We can help ourselves prevent another similar disaster by remembering that the world in which we live is one that is not just a single vision but a blend of many diverse opinions and visions of what life means. Embracing all of these visions may not be the answer, but making an attempt to accept them might be the only way to truly heal from – and prevent a recurrence of – the events of September 11, 2001.  This does not at all imply that we must forgive and forget, but in order to truly heal from within, we must let go of hate for the benefit of ourselves as individuals.  Remembering does not mean we must revenge.

We heal inside and benefit from the understanding that extremism – in the name of any faith – corrupts the foundation and the chief intent of a belief structure.  Instead of waging war against other cultures and other faiths, determining by force who is right and who is wrong, we can opt to wage a war of peace that allows for the possibility that all of us may be right, that each of our visions demonstrates a measure of truth.

We do not profess to personally know what the truth is, if indeed there is one truth. Nor can we begin to imagine the horror of the events portrayed on the television, when compared with the horror which was truly experienced by those that survived the attacks.  We have felt the fear and the anger that most (if not all) Americans felt at the time of the terrorist attacks of 9/11.  We will not pretend to put ourselves in their shoes.  Few of us will realize or even imagine what they suffered through to survive.

The terrorist attacks of 9/11 have become a platform for others in their bid for political office. Yet the events of 9/11 and those victims and survivors of that tragedy are not the foundation for political gain. These events are not indicative of what any one official did or did not do to prevent the attacks or to facilitate recovery. The tragedy of 9/11 is symbolic of our perception of the world and our place in the global community.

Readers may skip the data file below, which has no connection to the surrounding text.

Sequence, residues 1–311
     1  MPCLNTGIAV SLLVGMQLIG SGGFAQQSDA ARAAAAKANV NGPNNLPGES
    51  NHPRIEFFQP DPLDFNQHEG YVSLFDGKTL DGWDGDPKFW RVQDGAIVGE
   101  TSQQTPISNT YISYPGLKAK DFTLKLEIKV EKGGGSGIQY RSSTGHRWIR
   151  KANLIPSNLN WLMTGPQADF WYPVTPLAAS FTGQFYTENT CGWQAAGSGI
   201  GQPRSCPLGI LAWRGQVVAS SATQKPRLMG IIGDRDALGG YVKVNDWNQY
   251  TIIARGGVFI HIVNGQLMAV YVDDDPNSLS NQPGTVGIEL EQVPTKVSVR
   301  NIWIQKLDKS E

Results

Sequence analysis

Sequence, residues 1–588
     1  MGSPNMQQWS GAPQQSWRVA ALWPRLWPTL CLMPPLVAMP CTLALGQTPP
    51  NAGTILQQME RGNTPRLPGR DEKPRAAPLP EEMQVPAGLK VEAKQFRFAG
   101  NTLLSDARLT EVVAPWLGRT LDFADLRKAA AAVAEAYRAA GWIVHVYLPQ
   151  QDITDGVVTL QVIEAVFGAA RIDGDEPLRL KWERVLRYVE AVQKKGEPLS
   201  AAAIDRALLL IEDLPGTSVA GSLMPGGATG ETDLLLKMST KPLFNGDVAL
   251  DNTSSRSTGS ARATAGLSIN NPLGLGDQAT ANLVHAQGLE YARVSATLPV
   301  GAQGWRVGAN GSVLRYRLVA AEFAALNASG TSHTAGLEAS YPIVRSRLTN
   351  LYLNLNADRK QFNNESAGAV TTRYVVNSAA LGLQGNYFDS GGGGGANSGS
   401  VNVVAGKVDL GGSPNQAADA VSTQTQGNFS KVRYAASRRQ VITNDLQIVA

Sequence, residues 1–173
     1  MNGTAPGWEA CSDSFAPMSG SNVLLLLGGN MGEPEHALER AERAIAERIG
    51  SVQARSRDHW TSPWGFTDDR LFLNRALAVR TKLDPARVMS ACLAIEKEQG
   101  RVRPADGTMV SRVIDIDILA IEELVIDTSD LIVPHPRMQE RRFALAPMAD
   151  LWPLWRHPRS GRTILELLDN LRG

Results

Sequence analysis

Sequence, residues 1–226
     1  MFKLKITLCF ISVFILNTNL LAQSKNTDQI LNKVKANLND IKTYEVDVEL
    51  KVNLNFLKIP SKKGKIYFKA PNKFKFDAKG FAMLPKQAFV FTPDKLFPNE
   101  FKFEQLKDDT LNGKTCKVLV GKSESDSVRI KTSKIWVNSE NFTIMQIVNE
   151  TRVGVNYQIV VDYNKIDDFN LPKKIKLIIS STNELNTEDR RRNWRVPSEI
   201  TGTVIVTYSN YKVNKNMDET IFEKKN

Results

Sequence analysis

While we mourn the dead, we must also take the time to cherish the living and to recognize the impact these events had on those who did not perish in the attacks.  So much time and energy is forfeited for those who are lost to us.  We as a people are not altruistic.  We do not grieve for their loss; we grieve for our own.  Some of us grieve because we were witness to the tragedy and must repeatedly relive the horrific events in our consciousness.

The story of Artie Van Why represents the tragedy that survivors endure as a result of the attacks of 9/11/2001.  Those who lost their lives are free; those that survived remain victims of terror.  Perhaps we can better serve the memory of those people who lost their lives by saving those who lived through the tragedy.  Perhaps we can help heal ourselves in this way, allowing the anger and sorrow to find expression in positive ways.

Rather than pay tribute to those who have lost their lives by seeking vengeance and taking yet more lives, we can pay tribute to those that lost their lives in the attacks of 9/11 by changing how we live today, by realizing the importance of living for today and for our future, as opposed to living in yesterday.

We tend to do that when we mourn: live in yesterday. Absolutely, we must remember those we have lost; we should not sacrifice today, however, in that remembrance, for sacrifice has already been made.

We cannot defeat terrorism with war and counter-terrorism, with anger and vengeance, with politics and gesturing. We must learn to look ahead with wisdom while cherishing the memories of the souls who have passed away and have moved on. We must seek peaceful coexistence and acceptance. Only in this way can we defeat terrorism.

For those that did not survive the attacks on 9/11, may they rest in peace;

for those that did survive, may we all find a way to live in peace.

Will the Real Rick Perry Please Stand Up?

by Shadra Bruce

Rick Perry announced he was dropping his hat into the large ring of Republican presidential candidates on August 11. Since then he has worked diligently to position himself as the perfect choice for the Republican extremists, currying the favor of the Tea Party at the expense of all other Americans. But then, this is the man who, as governor of Texas, vetoed a bill that would have prevented the execution of mentally retarded inmates.

If he doesn’t care for those most marginalized citizens of his own state (preferring instead to be the governor who has presided over the largest number of executions in Texas history), why would we ever believe he would care about the populace of the United States?